No wonder right-wingers. White nationalists, and cultural troglodytes hate the Barbie movie. They liked the original Barbie—enormous breasts, sexy clothes, subservience to men. They feel threatened by the new, “woke” Barbie, who by being allowed to do anything and be anyone represents both an emotional and an economic threat to these so-called believers in tradition. Fox News and other right-wing watering holes (or should I say, Kool-Aid watercoolers) are full of accusations that because one of the characters is transgendered, the Barbie movie advocates a “trans agenda,” a non-existent entity that can serve as effectively as a punching bag for the cultural right wing as the equally non-existent Antifa organization.
But the argument between those who love what the woke Barbie represents and those who hate and feel threatened by new Barbie conceals what both sides have in common: a dedication to conspicuous consumption, consumerism, and the celebrity culture that both exemplifies and fuels consumerism. The modus operandi of the Barbie business is to sell ever more Barbie merch—more Barbies, more clothes, more accessories, more, more, more.
We can see the underlying consumerism that animates Barbie by its fixation with celebrity. Many Barbies through the decades have been celebrities like the Black “Julia” Barbie, which first came out in 1969 and was named after the nurse whom Diahann Carroll played on TV. The “trans” Barbie is based on a trans celebrity, Laverne Cox. Beyonce, Tina Turner, David Bowie, Grace Kelly, Cher, Cyndi Lauper, Elvis and Pricilla Presley, Audrey Hepburn, and Joan Jett are a few of the dozens of celebrities with Barbies modeled after them. I have, however, scoured several lists of celebrity Barbies and have found only three who were not actors, singers, or entertainers—Jane Goodall, Eleanor Roosevelt, and J. K. Rawlings.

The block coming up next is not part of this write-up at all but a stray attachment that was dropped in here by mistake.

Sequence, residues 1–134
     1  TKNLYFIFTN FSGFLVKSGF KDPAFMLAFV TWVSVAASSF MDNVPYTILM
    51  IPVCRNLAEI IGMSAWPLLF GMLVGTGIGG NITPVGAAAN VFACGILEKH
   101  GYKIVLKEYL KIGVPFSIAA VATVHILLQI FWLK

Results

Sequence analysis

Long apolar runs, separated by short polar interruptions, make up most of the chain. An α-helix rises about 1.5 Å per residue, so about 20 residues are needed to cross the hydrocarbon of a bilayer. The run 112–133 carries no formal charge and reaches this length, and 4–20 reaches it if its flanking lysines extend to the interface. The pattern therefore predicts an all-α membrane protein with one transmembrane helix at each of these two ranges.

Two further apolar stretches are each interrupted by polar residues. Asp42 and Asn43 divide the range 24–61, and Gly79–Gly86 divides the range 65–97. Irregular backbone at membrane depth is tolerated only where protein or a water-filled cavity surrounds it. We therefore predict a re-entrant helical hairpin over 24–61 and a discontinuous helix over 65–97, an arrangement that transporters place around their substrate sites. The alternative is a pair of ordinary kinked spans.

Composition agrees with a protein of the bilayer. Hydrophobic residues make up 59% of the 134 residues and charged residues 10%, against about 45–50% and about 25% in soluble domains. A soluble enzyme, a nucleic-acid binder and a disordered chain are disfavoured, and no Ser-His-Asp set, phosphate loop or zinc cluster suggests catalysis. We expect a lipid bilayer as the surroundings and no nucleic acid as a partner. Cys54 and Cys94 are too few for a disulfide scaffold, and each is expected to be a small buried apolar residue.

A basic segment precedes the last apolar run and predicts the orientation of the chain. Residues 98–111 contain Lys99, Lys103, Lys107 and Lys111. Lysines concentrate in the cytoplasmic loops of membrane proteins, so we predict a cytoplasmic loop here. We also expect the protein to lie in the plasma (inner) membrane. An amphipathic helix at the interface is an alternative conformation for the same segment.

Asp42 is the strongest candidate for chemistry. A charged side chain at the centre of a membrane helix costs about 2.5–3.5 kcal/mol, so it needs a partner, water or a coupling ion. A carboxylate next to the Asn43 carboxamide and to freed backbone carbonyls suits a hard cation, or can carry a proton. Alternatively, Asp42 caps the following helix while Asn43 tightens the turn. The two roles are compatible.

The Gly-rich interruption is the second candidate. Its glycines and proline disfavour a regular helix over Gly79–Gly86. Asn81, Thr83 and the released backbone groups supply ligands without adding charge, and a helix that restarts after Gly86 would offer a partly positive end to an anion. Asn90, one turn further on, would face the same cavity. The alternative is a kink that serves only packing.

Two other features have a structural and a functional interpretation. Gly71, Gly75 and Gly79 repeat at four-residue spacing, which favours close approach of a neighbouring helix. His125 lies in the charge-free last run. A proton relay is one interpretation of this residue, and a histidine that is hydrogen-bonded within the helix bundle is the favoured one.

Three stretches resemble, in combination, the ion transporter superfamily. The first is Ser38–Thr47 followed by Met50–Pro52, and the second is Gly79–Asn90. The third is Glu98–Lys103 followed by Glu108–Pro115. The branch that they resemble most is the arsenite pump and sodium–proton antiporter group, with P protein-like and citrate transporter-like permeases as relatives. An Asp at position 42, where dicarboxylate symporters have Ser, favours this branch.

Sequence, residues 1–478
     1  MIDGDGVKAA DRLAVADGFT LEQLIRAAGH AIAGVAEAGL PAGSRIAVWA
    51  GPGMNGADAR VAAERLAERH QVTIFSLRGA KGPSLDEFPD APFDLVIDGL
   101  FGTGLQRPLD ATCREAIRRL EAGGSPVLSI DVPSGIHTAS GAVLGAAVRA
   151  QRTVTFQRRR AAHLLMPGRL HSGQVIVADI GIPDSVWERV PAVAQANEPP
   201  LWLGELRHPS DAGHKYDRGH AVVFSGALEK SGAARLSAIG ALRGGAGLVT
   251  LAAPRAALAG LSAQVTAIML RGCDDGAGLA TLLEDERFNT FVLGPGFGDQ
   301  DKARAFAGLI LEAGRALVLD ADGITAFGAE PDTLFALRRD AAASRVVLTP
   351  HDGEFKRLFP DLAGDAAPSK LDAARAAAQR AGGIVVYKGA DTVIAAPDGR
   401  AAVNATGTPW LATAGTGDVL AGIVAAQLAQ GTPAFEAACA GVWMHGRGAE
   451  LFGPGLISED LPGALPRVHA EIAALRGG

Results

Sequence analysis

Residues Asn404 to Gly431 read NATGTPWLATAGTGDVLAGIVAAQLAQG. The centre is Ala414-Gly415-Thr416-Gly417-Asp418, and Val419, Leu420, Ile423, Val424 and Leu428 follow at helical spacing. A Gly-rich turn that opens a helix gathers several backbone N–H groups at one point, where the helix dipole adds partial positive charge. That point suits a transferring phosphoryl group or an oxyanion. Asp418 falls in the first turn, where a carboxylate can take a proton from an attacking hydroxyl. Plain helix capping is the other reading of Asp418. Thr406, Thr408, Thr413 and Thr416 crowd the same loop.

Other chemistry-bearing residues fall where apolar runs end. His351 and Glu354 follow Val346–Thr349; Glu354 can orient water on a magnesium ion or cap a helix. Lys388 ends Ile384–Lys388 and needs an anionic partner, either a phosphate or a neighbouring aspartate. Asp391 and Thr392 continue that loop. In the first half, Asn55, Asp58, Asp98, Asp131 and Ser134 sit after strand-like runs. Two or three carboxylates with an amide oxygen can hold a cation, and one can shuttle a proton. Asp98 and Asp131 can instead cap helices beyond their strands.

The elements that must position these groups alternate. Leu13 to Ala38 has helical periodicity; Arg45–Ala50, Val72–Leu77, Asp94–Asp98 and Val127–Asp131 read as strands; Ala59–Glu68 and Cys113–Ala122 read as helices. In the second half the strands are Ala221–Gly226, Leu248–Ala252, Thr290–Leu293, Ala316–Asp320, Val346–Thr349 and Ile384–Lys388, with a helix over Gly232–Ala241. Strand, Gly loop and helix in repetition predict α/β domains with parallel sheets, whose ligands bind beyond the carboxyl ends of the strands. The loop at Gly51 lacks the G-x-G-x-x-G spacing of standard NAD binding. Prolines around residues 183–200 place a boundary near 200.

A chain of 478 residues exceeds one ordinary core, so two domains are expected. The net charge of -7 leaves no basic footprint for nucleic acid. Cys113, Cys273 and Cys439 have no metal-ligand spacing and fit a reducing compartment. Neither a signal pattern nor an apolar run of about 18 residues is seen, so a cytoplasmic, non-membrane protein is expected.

The right wing has expressed messianic thoughts about a billionaire celebrity who failed at everything he ever did except for self-promotion. His initial fame derived not from being a businessperson, but being a celebrity who played a businessperson on TV. And what does this celebrity offer his adoring audience other than his dissociated spew of angry racism and self-serving economic lies and the opportunity to contribute to his defense fund?—merch: Trump and MAGA posters, hats, tee-shirts, mugs, NTFs, action toys, photographs, stickers, beach towels, buttons, doormats, cards, flags, candles, refrigerator magnets, pens, aprons, and stuff for pets.
Merch. Just like the Barbie movie. Just like Barbie. Celebrities sell merch, and that is what Barbie has always been about and will always be about—peddling cheap products to assuage the consumer lust that the mass media inculcates into us and is partly responsible for the environmental mess we are in. Whether pursuing Fast Fashion and the latest phone or fetishizing private ownership of cars, most Americans worship daily at the alter of consumerism.